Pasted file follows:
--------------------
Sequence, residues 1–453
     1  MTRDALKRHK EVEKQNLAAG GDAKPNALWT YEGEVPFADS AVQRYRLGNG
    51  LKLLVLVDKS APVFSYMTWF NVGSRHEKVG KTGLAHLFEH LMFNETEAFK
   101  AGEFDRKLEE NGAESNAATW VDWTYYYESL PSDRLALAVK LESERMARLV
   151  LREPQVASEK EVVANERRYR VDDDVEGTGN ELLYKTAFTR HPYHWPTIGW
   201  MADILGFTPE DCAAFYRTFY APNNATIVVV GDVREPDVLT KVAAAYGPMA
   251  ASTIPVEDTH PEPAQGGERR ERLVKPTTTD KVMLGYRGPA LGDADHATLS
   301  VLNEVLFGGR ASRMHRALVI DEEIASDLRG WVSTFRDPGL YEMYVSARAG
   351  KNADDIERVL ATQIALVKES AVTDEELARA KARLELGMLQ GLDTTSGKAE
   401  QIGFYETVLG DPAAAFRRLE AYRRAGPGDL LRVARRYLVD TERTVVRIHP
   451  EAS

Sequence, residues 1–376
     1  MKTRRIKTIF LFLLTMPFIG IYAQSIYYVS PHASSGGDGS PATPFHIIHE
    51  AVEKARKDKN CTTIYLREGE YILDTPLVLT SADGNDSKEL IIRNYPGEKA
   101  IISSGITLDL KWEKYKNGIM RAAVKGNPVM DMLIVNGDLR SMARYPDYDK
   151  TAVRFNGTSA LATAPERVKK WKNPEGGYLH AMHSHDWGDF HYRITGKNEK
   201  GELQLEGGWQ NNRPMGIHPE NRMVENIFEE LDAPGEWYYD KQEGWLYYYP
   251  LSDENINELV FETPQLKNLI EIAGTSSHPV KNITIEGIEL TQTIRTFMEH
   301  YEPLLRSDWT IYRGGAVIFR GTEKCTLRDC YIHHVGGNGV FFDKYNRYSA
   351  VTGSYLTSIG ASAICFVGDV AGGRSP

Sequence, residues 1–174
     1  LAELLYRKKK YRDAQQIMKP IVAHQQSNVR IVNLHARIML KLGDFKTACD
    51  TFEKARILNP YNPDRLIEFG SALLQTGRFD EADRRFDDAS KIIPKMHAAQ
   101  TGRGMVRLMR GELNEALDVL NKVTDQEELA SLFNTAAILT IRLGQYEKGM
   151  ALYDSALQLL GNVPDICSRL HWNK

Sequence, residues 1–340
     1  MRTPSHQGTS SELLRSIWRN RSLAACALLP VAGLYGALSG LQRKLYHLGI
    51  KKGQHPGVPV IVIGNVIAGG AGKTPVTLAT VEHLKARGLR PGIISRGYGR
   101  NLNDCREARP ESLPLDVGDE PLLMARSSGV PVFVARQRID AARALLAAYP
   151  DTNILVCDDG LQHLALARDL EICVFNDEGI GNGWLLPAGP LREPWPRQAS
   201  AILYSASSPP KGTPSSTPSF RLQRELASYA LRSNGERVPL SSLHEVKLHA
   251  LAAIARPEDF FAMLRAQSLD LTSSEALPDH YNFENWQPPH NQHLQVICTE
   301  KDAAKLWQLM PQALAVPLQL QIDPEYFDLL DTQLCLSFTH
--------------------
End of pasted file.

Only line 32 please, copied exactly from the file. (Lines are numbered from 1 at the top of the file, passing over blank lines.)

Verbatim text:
   251  LAAIARPEDF FAMLRAQSLD LTSSEALPDH YNFENWQPPH NQHLQVICTE